Discover more from Project Try Everything
All the diagnoses
What the hell is wrong with me anyway?
My Project Try Everything is supposed to take a year or two. At the rate I’m going, it’s going to be seven. I started on April 1, and four months have already churned by while I have:
Summarized my current symptoms … and only summarized. It’s freaky how much I left out.
Started with one easy, obvious-for-me treatment experiment: breathing exercises. Thus far pleasant but unremarkable.
I was supposed to review all my diagnostic theories by no later than June, the better to prioritize all my treatment options. But here we are in high summer, and I have yet to write one single word about what I think might be wrong with me.
So I’m way behind schedule. Shocker!
I might blow this. “Failure is always an option.”
“Have you considered…?” Yes! Whatever it is, I have considered it!
About 80% of the comments I’ve gotten on this project so far have been diagnostic suggestions. I do not resent this. I know good people, so almost all of the suggestions have been much higher quality than: “Have you considered the possibility that you’re being poisoned by 5G radiation?” But I did get one of those by email.
But none of the saner suggestions have actually been news to me.
Health info wrangling is my whole thing, and there’s 50% overlap (or more) between my personal challenge and my full-time work for PainScience.com. So, yeah, I have considered [whatever you suggested], to some degree, I promise — usually for years.
Here is everything I have considered the most…
Summary of my major diagnostic candidates
Fibromyalgia. The shoe fits, but also so what? It doesn’t explain anything. I will explain the lack of explanation below.
Post-viral syndrome, because it’s all so much like Long COVID, because it all started after a bad flu, and half the people I know with chronic illness have a similar story.
Craniocervical junction trouble, especially pseudo-eagle syndrome, because of my history of trauma to a tonsil, adjacent to the jugular foramen — and the symptoms fit.
Stress-induced physiological trauma is my least favourite theory that I cannot kill. It is plausible, thanks to my exotic 2015 stresses.
Narcolepsy, which isn’t what you think it is. The key point is that I’ve been severely sleep deprived my whole life and that is definitely not good.
Chronic tonsillitis. My tonsil seems quite effed up, and chronic infection might be the simplest explanation for my troubles. This diagnosis is the most right-under-my-nose. Technically behind it.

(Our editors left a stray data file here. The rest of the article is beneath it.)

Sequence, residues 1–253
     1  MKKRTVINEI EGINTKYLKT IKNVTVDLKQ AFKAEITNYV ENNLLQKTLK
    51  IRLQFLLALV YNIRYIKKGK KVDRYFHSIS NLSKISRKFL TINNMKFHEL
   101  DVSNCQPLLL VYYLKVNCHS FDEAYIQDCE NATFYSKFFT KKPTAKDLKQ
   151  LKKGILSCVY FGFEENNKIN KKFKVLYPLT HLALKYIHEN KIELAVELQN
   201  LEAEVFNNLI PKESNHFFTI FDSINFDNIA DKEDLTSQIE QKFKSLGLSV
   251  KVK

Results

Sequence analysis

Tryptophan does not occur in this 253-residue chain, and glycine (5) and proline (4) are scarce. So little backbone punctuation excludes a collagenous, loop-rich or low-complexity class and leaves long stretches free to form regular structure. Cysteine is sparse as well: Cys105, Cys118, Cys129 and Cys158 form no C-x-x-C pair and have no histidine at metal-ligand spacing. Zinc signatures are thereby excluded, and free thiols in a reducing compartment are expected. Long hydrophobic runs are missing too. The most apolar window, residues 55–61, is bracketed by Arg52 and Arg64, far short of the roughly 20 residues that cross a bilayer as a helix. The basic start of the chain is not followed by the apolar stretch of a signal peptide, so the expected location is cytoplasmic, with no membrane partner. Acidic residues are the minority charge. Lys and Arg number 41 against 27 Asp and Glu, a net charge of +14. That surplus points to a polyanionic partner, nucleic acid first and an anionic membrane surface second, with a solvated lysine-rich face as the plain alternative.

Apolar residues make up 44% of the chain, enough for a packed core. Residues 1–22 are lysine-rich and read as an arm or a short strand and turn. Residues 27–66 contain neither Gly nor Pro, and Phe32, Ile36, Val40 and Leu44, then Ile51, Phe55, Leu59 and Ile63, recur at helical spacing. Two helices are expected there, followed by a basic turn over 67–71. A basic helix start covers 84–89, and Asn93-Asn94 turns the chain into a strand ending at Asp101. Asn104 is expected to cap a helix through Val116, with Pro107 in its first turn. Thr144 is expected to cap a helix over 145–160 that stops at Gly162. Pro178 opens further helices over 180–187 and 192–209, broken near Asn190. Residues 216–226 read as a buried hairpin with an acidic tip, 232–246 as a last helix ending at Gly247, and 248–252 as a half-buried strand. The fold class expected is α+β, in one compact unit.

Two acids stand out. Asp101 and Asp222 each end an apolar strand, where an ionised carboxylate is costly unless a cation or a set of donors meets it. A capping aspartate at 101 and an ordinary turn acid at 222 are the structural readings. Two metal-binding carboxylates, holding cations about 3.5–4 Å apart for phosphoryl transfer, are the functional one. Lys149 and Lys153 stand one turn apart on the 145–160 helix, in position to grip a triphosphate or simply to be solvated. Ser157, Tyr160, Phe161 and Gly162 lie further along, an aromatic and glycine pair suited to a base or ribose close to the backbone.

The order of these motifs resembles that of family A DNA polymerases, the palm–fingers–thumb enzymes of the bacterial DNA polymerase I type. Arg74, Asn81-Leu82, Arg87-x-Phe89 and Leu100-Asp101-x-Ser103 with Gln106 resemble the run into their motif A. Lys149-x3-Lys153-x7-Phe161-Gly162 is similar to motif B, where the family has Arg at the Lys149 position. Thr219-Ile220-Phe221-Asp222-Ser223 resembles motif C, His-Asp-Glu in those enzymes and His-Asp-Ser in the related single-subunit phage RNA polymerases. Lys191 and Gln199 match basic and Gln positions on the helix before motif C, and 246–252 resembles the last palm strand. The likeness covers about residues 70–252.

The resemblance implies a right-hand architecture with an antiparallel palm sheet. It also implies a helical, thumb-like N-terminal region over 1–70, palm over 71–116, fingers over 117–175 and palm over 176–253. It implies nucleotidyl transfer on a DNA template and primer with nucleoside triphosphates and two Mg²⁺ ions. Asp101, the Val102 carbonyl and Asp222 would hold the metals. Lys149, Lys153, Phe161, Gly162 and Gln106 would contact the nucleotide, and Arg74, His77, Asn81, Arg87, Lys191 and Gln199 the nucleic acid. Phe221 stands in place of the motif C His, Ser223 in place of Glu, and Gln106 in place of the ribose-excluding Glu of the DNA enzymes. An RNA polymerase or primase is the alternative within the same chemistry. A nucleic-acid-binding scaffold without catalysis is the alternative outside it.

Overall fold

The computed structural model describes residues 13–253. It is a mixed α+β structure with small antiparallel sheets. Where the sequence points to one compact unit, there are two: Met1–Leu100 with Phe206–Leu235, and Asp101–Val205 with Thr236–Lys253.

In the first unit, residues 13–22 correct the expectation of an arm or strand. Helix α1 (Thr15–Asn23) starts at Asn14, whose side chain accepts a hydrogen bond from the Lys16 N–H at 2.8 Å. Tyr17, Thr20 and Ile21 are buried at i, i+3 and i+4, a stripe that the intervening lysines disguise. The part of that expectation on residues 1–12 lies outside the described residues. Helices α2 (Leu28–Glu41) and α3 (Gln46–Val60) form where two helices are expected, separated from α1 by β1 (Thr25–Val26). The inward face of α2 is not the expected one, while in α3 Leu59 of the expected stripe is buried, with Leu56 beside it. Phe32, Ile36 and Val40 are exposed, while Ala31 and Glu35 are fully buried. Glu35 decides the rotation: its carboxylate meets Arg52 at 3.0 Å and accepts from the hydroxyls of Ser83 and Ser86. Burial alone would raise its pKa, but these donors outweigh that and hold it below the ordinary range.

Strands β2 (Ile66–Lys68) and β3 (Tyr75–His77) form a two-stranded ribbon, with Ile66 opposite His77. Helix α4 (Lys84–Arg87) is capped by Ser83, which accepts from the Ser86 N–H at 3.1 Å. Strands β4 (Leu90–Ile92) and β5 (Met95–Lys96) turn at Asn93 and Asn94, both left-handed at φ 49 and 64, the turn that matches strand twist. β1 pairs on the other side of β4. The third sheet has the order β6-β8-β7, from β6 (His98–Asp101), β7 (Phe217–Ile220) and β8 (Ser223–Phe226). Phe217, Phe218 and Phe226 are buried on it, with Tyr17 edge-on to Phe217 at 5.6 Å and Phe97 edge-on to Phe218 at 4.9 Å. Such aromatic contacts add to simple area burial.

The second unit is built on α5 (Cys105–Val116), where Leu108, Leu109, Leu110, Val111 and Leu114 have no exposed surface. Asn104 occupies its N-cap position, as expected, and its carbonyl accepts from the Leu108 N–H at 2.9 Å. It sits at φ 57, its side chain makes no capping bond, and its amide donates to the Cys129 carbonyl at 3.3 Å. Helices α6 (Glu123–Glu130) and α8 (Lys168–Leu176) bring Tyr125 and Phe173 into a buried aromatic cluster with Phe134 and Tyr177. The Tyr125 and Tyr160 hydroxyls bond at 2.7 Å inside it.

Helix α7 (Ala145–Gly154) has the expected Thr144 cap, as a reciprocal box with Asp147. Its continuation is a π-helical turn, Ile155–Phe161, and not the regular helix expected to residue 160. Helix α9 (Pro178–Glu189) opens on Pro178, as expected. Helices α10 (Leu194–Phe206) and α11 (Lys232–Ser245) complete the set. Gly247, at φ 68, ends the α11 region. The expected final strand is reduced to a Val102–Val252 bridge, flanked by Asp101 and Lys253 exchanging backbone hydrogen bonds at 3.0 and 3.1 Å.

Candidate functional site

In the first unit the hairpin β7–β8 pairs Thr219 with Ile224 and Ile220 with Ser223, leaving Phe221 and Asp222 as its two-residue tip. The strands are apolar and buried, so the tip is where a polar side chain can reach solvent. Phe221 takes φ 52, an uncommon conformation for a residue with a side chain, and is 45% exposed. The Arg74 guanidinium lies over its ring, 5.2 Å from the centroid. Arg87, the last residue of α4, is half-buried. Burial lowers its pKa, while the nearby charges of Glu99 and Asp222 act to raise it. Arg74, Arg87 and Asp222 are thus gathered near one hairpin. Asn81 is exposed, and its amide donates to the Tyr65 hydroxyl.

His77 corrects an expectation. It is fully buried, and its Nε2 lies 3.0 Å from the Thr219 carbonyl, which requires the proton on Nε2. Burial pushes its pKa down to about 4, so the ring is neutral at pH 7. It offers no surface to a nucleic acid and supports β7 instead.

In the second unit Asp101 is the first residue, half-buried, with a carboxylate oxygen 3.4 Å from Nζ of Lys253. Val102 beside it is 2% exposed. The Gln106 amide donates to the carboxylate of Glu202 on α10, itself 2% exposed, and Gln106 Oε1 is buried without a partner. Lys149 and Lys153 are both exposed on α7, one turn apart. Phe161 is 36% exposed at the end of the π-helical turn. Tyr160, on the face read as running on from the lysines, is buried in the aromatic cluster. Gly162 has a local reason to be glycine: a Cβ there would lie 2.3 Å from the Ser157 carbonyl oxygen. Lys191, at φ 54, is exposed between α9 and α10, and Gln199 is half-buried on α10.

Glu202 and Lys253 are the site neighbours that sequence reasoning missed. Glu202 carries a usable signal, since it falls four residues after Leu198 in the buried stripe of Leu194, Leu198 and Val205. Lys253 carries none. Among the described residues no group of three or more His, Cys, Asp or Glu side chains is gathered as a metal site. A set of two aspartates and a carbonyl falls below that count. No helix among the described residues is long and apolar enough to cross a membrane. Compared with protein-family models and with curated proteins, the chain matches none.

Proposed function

And now each of those in moderate detail…
“Fibromyalgia” isn’t really a diagnosis
Both fibromyalgia (FM) and chronic fatigue syndrome (CFS) describe but do not explain most cases of unexplained chronic pain and/or malaise. They are syndromes — distinctive symptom patterns — with many possible explanations. For more information, see my fibromyalgia guide.
The fibromyalgia shoe fits me like a glove, and it’s not a squishy “diagnosis of exclusion” — there are specific criteria for inclusion these days, and I got ’em. But I need to know why the shoe fits like a glove, not that it does.
Myalgic encephalomyelitis (ME)? ME is more specific: a pattern of obscure but objective signs of pathology identified in people with the most severe FM/CFS symptoms (crippling in many cases). But we still don’t know how people get into that state, and there are probably multiple paths to it, and not everyone with these symptoms has the signs of ME. (I don’t know if I do, and don’t know if I can even find out. That's on my to-do list.)
It’s reasonable to stick any of these three labels on me. But classifying misery doesn’t explain it, help fix it … or even get me taken more seriously by most doctors. But here’s one possible cause of fibromyalgia that might…
Long COVID is now the best-known condition that most sounds like my own story. Long COVID is probably just the most dramatic example of a phenomenon that has been well-documented but medically neglected: post-viral syndrome (PVS), which is most simply explained as immune system jiggery pokery in the aftermath of an infection (although there are other hypothetical mechanisms).
Almost all of my problems got to raging away in the aftermath of a particularly severe upper respiratory infection in the spring of 2015, and everything I’ve experienced since is quite PVS-y. So it’s on the top of my list.
Which is too bad! Because there’s probably nothing to be done about it. (But that’s going to apply to MOST of the possibilities here.)
Craniocervical junction (CCJ)-related conditions, especially pseudo-Eagle syndrome
This is the weird one.
Anything that bothers the upper cervical spine and/or brain stem and/or jugular foramen has the potential to cause complex and systemic symptoms. There are several ways this can happen, and several ways that it can drive symptoms. For instance, “dysautonomia” is one major mechanism for mayhem — glitchy regulation of visceral physiology.
And get a load of this: there is a speculative but plausible link between viral infections and the onset of CCJ conditions! That combines two of my most plausible hypotheses. That said, that specific mechanism is less likely in my case, and meanwhile there's another cause of CCJ trouble that fits my history better…
I had extreme irritation of a tonsil in 2015, which is immediately adjacent to the jugular foramen. Swelling and inflammation around this anatomical porthole causes several distinctive symptoms — and I have had basically all of them. That’s Pseudo-Eagle syndrome, and it’s probably my single best specific “story” of what happened to me.
Speaking of my stupid tonsil…
Another weird one! Bear with me here.
I have a tonsil that got into some weird, bad trouble in 2015 — apparently a rare painful tonsil stone — and although I ejected that fucker and felt way better, that stupid tonsil has been yo-yoing between “not great” and “kinda shitty” ever since.